If you've spent any time looking for a job, you've probably had a phone interview or two. And if you haven't, you very likely will as more companies are using phone screenings to weed out candidates in a more efficient manner.
When put in this situation, IT managers need to ace the phone interview to reach that first job-seeking goal—an invite for a face-to-face meeting.
While it may seem trivial to those who’ve been managing, knowing how to handle a phone interview is crucial these days, as it can be the make-or-break part of the job-seeking process. While you hope your experience and skills will spur an in-person interview, it’s worthwhile to make sure that poor phone manners or lack or preparation don’t thwart that from happening.
Put on the interviewer’s hat
To see what types of questions you might be facing during a phone interview, check out this TechRepublic phone interview cheat sheet. This download is geared towards IT managers who are interviewing job candidates over the phone, but you can use it to get an overview of a phone interview so that you’ll be ready the next time an interviewer calls.
Tips for phone interviews
While some of the following phone interview tips seem elementary, it’s good to refresh and remind yourself of what to do and what not to do so that you don’t ruin a great opportunity by forgetting one of the basics.
Tip 1: The setting
Make sure your interview setting is quiet, that you won’t be distracted or interrupted, and that the phone set up works. Obviously, you should not plan to take a phone interview at work. If the interview must be in the middle of the day, arrange to leave your office for a few hours. If you're at home full-time, make sure your family understands that you'll be busy and cannot be disturbed during your interview. Put the pets outside, and lock your office door. If you can turn off call waiting, do so. And don't forget to shut off your cell phone.
Tip 2: The tools
Get a pen and paper handy. You may want to take some notes during the interview. Make sure the pen works. Better yet, have a spare or two within easy reach.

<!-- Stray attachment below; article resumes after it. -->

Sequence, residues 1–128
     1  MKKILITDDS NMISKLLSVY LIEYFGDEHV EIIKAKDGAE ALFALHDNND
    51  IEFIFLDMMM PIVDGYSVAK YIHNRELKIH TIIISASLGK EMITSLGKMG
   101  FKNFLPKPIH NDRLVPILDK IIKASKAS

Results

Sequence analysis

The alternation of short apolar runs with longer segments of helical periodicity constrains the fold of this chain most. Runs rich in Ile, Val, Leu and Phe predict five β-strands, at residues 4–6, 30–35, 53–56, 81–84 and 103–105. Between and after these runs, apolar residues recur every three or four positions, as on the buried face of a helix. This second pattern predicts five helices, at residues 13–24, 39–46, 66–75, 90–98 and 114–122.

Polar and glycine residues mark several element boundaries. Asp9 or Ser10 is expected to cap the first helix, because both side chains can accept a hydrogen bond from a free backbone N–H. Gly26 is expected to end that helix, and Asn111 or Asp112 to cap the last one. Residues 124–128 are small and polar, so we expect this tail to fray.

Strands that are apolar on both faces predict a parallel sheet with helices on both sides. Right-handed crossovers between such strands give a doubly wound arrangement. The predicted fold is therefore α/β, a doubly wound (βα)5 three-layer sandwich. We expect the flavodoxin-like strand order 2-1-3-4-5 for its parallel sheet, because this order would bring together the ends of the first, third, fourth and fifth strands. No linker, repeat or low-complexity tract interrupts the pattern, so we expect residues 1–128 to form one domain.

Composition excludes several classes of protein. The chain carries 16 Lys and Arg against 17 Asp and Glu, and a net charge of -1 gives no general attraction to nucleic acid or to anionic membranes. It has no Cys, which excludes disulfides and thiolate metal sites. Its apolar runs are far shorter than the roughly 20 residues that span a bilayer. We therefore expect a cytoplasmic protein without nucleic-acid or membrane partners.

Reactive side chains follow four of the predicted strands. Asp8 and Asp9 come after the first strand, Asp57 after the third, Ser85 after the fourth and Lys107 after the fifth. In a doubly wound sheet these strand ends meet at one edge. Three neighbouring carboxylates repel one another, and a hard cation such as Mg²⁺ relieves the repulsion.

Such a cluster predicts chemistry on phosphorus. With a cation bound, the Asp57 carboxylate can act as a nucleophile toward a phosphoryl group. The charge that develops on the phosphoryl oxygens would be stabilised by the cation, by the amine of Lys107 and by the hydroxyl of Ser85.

Make sure your resume is right in front of you, as well as a good list of questions you want to ask the interviewer. You’ll also want to compile a separate list of your skills, along with their corresponding dates and places, so that your entire technical background is easily accessible.
It’s also a good idea to keep a mirror near your desk to remind you to smile. Your facial expressions do carry over the phone and, if you smile, you'll come across as more positive and upbeat. Don't, however, make jokes. Without the benefit of body language, it's easy for your humor to be misinterpreted.
Tip 3: The voice
Speak clearly, and don't rush your answers. It's natural to be nervous, but try to slow yourself down a bit. If you rush through your answers, it will be difficult for the interviewer to understand you. If you are nervous and stumble over a few words, stop, take a deep breath, and say, "I'm sorry. Let me try that again." No one will judge you for being slightly anxious. Just don't let your nervousness control you.
Tip 4: The answers
Listen closely to the questions you're being asked. Pay attention to the interviewer's choice of words. Does he or she speak mostly in technical terms? Make sure that your answers demonstrate your familiarity with those terms—but also make it clear that you know how to communicate with regular people. Don't limit your answers to jargon—let the interviewer evaluate your "ordinary" communication skills. Don't be afraid to think for a moment before you answer a question. Since, however, the interviewer can't see you, you should give some sort of verbal cue, such as, "I want to give you a thorough answer. Give me a moment to collect my thoughts."
Tip 5: The thank you
Don’t forget, at the end of the interview, to thank the interviewer for his or her time, and ensure that the interviewer has the right phone numbers to reach you during the coming weeks (this is crucial if you’re planning to travel or will be out of reach on certain days).
After the interview
As soon as you hang up the phone, write a brief thank you note that you should either e-mail within an hour of the interview or send by snail mail that day.
In the thank you note, it’s important to reiterate your appreciation for the interviewer’s time and again offer to answer any additional questions. If you realize there was an important experience example you didn’t discuss during the interview, the thank you note is the perfect place for offering that additional information.
Once the note is mailed, make a notation in your e-mail calendar or desk calendar on when to follow up on the call. Keep in mind, if you haven't heard anything after a week, don't automatically assume the worst. You know how busy your own work schedule is; your interviewer is probably swamped as well. Go ahead and call but don’t leave multiple messages. The follow-up call should be an inquiry on whether any decisions have been made for in-person interviews or when you might hear something. If you can get a target date, you're golden.
Job phone interviews can be intimidating—especially for managers who haven’t experienced one before or are new to the job search. But if you prepare properly, you can make sure that your talent and ability shine through the phone line.